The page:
Interest rates. Real estate. Financial stocks. High-yielding dividend-payers. Those are some of the ...
Bet on Bonds
02/02/2015 9:00 am EST
The bond market is super strong. It’s again hitting new bull market highs. Long-term US government bonds were the big investment winners in 2014, gaining 46%. And it looks like that’s going to continue, very possibly throughout 2015, suggests Mary Anne and Pamela Aden, editors of The Aden Forecast.
We know that may seem strange, especially considering the big rise bonds have already had, but it’s really not. Here’s why...
1. There’s a huge demand for US bonds from all over the world. Even though US interest rates are very low, US bonds are still paying a higher interest rate than rates in most other countries. That makes them more attractive and the world’s favorite safe haven.
2. The US dollar is also super strong. That too enhances the appeal for US government bonds, especially for foreign investors.
3. The same is true of the US economy. It grew 5% in the third quarter, its biggest gain in a decade. That’s in sharp contrast to the sluggish growth or recessions in other countries. And again, this makes bonds very attractive.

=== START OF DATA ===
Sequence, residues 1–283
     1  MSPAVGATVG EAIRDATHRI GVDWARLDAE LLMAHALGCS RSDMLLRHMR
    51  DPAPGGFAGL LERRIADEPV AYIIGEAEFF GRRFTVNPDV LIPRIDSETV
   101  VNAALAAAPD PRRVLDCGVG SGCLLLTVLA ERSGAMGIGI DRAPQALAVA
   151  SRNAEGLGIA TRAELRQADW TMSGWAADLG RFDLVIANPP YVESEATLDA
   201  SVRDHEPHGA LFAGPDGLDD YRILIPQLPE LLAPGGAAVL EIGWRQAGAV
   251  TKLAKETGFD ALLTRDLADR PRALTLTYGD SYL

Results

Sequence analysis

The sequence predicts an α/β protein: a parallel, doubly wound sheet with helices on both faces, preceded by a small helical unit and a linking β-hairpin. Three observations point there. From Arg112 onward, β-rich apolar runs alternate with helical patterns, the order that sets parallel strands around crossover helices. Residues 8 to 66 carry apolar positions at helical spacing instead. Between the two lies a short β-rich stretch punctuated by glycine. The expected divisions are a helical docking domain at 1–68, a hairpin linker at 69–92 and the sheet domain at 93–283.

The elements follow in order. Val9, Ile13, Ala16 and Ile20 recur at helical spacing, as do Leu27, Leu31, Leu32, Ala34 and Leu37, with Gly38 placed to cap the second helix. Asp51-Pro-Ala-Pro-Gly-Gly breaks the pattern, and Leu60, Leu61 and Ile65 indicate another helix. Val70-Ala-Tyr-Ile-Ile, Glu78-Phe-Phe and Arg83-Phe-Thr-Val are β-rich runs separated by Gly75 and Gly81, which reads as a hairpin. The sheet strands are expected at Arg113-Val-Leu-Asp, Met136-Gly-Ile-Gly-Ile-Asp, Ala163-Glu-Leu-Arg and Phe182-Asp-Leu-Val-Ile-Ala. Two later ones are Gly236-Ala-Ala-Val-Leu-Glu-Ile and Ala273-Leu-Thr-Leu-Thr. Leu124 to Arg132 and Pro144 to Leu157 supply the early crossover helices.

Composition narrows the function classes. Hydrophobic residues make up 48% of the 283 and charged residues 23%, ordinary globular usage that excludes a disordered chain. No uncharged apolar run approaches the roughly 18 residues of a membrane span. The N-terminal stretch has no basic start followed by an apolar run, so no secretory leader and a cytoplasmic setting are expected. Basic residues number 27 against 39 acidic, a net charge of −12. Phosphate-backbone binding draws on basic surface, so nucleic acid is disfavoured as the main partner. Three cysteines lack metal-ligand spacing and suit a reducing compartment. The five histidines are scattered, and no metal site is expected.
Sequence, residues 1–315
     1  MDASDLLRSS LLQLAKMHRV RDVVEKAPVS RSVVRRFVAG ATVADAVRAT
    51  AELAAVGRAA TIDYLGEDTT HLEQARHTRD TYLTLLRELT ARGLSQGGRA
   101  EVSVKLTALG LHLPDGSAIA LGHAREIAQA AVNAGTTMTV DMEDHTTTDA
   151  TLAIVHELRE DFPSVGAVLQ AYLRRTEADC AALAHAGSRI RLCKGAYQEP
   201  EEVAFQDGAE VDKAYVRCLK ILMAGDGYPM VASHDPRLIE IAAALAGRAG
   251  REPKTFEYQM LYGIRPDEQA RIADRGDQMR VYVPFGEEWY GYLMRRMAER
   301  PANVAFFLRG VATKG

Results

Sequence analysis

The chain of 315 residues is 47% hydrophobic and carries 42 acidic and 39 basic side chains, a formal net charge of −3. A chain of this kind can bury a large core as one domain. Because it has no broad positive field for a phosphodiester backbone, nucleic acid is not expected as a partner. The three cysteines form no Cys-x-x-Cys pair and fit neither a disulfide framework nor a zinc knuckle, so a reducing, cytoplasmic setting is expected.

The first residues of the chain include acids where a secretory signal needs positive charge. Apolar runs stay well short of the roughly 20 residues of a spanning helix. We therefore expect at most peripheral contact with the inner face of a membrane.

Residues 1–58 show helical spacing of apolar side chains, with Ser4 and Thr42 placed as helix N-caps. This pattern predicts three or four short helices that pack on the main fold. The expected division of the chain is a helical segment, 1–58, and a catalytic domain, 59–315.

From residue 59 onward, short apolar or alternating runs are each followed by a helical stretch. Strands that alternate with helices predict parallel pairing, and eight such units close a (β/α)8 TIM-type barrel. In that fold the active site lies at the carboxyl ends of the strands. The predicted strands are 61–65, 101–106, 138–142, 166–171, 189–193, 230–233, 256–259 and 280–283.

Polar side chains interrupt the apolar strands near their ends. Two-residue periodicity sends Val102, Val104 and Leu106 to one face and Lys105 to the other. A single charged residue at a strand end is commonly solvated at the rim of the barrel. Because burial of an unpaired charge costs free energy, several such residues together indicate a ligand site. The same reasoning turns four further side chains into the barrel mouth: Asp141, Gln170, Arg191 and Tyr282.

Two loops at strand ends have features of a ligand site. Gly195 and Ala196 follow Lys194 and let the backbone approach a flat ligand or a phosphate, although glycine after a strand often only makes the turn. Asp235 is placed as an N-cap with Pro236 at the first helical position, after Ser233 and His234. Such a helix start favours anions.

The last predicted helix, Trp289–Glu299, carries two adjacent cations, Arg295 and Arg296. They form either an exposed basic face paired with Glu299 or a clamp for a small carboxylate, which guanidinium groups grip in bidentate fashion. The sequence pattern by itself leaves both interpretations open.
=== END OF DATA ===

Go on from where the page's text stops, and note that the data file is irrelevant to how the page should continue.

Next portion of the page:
4. Deflation has the upper hand on the world stage and inflation is low. It’s probably going to stay low for quite a while, considering the plunge in the oil price. This environment is also ideal for rising bond prices.
5. With the rest of the world on thin ice, it would be too risky for the Fed to raise rates prematurely. This means bonds will probably keep rising for most of this year.
Plus, US government bonds are super safe. And if deflationary pressure persists, as we suspect, there’s a good chance the 30-year yield could decline lower than the previous bottoms. In other words, bond prices would rise a lot further.
The 30-year bond has been dropping since 1981. Since then, it’s gone from 15% to 2.45%. The lows in 2008 and 2012 were at the 2.50% level, so this provides a strong support area.
But if this level is clearly broken, the 30-year yield will likely drop down to retest the lows of 1940 and 1950, near 2%. At this point, we don’t know if that’s going to happen, but we wouldn’t be surprised if it does.
Why? Mainly because of the deflationary pressures. Also, our technical indicators are showing there’s still some room on the downside for interest rates to fall further, both in the medium-term and the long-term, before they’re oversold or too low.
So the bottom line is…until we see otherwise, we’re going to continue to buy and hold long-term US government bonds. The major trend is solid and it remains up, telling us to stay with bonds. As such, we continue to recommend these bond ETFs:
This market is strong and bullish and government bonds continue to be the best overall investment in today’s environment.
Even though these markets could decline a bit in the weeks ahead, stay with them. And if they do stall, that’ll provide an even better buying opportunity. Either way, though, buy some bonds if you haven’t bought yet.
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